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Vancouver Police officers won't be charged in 2015 arrest, eventual death of man

Last Updated Dec 16, 2020 at 12:09 pm PST

Summary

Charges will not go ahead against Vancouver Police officers in the death of a man in 2015

Myles Gray died while being restrained by VPD officers on Aug. 13, 2015

BC Prosecution Service has concluded there's not enough evidence to meet charge approval standards

VANCOUVER (NEWS 1130) – The BC Prosecution Service says charges will not be going ahead in the death of Myles Gray, who was arrested by Vancouver Police on Aug. 13, 2015.

Police had been trying to take him into custody while at a home on Joffre Avenue near Marine Drive in Burnaby, after getting word of a man causing a disturbance.

Eventually, a violent altercation broke out. During the arrest, Gray suffered extensive injuries.

“While he was being restrained by the VPD officers, he went into cardiac arrest and died. The forensic pathologist who conducted the autopsy could not determine the specific cause of death,” a release from the BC Prosecution Service reads.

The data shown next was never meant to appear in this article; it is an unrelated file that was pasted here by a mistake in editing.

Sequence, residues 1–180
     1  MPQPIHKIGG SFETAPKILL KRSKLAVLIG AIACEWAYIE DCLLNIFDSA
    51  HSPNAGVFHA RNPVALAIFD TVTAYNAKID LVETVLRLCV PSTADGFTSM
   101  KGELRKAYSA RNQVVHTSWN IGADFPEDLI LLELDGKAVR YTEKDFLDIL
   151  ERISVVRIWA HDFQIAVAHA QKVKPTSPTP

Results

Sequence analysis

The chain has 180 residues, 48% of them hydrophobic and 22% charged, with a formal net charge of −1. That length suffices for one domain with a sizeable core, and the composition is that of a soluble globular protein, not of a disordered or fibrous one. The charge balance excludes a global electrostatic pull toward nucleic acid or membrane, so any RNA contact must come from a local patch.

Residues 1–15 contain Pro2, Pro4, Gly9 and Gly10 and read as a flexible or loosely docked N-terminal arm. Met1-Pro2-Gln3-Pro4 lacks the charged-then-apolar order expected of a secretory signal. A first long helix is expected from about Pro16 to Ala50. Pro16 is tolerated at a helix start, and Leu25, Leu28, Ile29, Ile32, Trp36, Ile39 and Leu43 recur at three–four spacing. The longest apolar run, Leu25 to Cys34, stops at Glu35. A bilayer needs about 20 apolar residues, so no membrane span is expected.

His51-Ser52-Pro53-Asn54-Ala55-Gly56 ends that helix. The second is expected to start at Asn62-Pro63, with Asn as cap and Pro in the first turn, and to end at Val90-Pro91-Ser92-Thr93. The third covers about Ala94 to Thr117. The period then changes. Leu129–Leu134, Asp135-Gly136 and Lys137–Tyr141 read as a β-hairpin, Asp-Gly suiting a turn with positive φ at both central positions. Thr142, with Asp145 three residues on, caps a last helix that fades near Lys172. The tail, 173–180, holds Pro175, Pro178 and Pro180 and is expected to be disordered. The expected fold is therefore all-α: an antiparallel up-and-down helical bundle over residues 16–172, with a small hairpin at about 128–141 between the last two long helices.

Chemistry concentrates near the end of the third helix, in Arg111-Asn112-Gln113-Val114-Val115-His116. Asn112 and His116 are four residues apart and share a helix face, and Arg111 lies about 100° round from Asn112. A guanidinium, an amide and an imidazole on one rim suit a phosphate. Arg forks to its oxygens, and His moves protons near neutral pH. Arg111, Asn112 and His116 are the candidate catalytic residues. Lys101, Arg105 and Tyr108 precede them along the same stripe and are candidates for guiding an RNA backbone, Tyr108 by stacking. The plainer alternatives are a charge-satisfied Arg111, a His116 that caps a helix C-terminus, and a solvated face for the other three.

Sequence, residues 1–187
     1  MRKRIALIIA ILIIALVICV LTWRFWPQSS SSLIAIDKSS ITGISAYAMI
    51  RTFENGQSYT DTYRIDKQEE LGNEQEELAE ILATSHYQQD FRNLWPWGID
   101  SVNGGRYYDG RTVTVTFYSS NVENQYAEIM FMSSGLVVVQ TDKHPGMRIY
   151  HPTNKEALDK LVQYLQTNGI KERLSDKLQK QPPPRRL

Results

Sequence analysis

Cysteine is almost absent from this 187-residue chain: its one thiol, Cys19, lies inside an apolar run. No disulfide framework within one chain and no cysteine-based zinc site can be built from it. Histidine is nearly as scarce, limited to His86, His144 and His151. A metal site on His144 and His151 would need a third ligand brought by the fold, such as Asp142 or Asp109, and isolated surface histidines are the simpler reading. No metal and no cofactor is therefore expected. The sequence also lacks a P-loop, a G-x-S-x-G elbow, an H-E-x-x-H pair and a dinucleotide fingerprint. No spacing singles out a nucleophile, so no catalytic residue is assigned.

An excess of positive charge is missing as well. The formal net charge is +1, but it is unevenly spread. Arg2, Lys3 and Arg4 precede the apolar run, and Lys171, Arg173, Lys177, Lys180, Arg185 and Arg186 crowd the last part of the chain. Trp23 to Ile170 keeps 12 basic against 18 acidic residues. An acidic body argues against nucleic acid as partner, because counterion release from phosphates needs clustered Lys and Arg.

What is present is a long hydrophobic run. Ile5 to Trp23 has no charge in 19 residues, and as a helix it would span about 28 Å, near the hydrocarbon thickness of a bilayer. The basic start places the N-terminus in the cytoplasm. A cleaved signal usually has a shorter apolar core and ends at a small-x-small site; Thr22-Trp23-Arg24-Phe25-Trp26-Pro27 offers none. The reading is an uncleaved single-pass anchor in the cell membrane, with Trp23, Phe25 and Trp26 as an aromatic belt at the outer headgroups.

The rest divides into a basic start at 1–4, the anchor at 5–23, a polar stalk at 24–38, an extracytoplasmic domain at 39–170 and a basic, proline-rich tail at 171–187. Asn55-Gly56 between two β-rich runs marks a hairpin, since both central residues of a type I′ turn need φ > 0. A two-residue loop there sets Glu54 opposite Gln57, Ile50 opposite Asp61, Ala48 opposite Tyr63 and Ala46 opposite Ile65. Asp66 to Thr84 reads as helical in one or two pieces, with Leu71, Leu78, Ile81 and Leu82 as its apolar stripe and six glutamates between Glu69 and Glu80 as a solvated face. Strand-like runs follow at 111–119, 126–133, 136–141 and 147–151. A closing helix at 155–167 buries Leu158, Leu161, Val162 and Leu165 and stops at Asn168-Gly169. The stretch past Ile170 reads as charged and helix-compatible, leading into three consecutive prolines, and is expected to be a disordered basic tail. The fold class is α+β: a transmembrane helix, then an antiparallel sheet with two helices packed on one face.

Since the arrest, Gray’s friends and family have been rallying to get the case to the courts. The exact number of officers involved in the arrest has never been shared publicly by the Independent Investigations Office (IIO) – which previously forwarded a report to Crown counsel for consideration of charges. However, the friends and family behind a GoFundMe campaign say they were told he was in an altercation with six police officers.

“Myles was a young businessman, in Vancouver to deliver his product. We do not know exactly what happened. We have not been told what occurred … Myles was a kind, caring, positive young person. He had many friends and a loving family. He was looking forward to a vacation and a busy Christmas season. If this can happen to Myles and our family, it can happen to yours,” the GoFundMe page reads.

The BC Prosecution Service also says the only witnesses to the altercation and restraint of Gray were the attending members of the VPD.

“Based on the evidence available, the BCPS is not able to prove, beyond a reasonable doubt, that the officers committed any offence in relation to the incident,” the service writes.

IIO Chief Civilian Director Ron MacDonald previously told NEWS 1130 the reason for the three-and-a-half year delay into its report being forwarded to Crown counsel was because the case was complex.

“There was a good deal of forensic evidence that needed to be obtained. We would have preferred to complete it more quickly, for sure,” he said.